Who let the Docs out!
This play on words of a popular Who Dat chant has been rattling around in my head ever since New Orleans Saints coach Sean Payton fired two team orthopedists at mid-week after they apparently misdiagnosed a player’s injury.
Ochsner Hospital-based doctors Misty Suri and Deryk Jones were dismissed after third-year cornerback Delvin Breaux received an outside opinion that revealed he had suffered a fractured left fibula and not a contusion as the Saints’ orthopedists originally diagnosed several weeks ago.
Based on that opinion by noted orthopedist Robert Anderson, Breaux underwent surgery Thursday in Green Bay, Wisconsin, to repair the same leg that he broke in Game 1 last season. Breaux missed seven games in ’16. He is expected to be sidelined six weeks with the latest injury, causing him to miss season-opening games against the Minnesota Vikings and New England Patriots at the bare minimum.
These stunning developments came soon after the New Orleans Advocate reported that Payton had grown increasingly impatient with Breaux and team officials were exploring a trade. A starter the past two seasons and widely regarded as the team’s best cover corner, Breaux had been demoted to back-up status. Payton later acknowledged he was “pushing (Breaux) based on the information I was given.’’
It’s unfortunate that Breaux’s injury wasn’t correctly diagnosed at the outset for several reasons. One, the Saints would have a good cornerback back by Week 1; two, Payton might not have rushed to judgment; and three, Breaux might not have been looked upon as a malingerer by his bosses.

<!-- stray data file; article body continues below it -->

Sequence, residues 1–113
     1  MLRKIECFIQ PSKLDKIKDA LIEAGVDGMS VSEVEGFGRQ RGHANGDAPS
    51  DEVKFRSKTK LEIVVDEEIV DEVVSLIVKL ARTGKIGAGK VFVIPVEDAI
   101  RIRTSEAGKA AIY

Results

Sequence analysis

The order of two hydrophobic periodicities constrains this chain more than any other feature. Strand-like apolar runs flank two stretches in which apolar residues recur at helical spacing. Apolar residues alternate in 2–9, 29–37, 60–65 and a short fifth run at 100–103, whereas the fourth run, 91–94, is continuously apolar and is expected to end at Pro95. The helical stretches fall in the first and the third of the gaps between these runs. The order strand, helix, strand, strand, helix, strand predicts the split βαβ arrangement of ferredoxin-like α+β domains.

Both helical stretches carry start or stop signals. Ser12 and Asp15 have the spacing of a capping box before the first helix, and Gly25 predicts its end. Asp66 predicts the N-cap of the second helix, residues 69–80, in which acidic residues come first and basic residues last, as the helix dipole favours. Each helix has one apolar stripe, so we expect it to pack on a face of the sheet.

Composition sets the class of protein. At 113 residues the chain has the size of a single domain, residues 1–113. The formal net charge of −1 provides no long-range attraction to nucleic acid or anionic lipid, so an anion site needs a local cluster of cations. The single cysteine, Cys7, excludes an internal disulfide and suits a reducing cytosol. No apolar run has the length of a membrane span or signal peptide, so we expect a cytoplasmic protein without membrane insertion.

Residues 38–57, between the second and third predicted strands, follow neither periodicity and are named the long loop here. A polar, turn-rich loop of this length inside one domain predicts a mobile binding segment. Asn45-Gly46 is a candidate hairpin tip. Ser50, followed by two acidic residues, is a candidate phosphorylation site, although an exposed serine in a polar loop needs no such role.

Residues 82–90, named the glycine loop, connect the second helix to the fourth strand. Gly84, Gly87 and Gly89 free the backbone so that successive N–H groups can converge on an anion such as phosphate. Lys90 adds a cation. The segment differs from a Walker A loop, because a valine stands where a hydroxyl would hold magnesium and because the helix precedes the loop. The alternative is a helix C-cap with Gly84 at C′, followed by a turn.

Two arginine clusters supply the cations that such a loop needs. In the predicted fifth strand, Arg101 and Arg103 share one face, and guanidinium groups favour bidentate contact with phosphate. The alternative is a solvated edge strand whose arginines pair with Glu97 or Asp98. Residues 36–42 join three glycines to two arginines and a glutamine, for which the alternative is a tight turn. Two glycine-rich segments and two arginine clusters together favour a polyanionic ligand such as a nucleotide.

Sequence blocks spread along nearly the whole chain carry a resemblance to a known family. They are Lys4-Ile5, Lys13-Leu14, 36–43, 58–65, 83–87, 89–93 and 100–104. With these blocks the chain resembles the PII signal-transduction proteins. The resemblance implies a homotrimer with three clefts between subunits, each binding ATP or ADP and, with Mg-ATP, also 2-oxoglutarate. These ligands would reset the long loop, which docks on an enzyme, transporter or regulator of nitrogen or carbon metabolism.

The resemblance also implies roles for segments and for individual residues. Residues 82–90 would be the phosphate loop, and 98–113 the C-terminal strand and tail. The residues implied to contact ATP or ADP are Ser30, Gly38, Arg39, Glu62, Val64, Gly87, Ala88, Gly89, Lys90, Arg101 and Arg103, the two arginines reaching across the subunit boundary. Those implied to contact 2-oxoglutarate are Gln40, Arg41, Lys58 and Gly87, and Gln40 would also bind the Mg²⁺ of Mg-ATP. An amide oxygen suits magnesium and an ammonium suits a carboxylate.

The strange turn of events prompted Payton to address the matter in a team meeting. He stressed the importance of accountability at all levels of the organization, team doctors included. The danger for a coach is losing losing the trust of both his current players and any potential free agents down the road who might want to play in New Orleans.
But these things happen. Medicine is not an exact science. Doctors make mistakes, though one mistake by them is one too many. Obviously, the Breaux incident was a tipping point for Payton, who said “it was not one event, this probably builds up over time.’’
That said, it’s highly unusual for sports franchises to fire team doctors midway through a training camp, one month from the start of the regular season. Changes to medical staffs typically occur after a season and are done quietly, making the timing of Payton’s actions and the public display all the more curious.
“Sean was really giving it to (Breaux),’’ one team source said. “They were trying to trade him. Missing the diagnosis on Delvin was inexcusable. That put the player-and-coach relationship in a bind. Heads had to roll once the truth came out.’’
It should be noted that Suri and Jones are employed by Ochsner Hospital, a major business partner of the Saints organization. Two weeks ago, the mega health system announced a long-term agreement for the naming rights to the Saints and NBA Pelicans training facilities in Metairie, Louisiana. The facilities now answer to the name Oschner Sports Performance Center.
Breaux, 27, has returned to New Orleans and begun rehab. Assuming he and Payton make peace, a healthy, happy and productive Breaux can make an impact on a defensive unit ranked among the league’s worst the past five years.
Meantime, training camp and the preseason continues. The Saints will play the Los Angeles Chargers at 7 p.m. Sunday(NFL Network) at the 27,000-seat StubHub Center in Carson City, California. On Thursday, the Saints will practice against the Houston Texans in Metairie leading up to their exhibition game at 7 p.m. Saturday at the Mercedes-Benz Superdome.
And the search is ongoing by Saints General Manager Mickey Loomis to rebuild the team’s medical staff.
Next doctor up!
Brian Allee-Walsh, a longtime Saints reporter based in New Orleans, can be reached at email@example.com.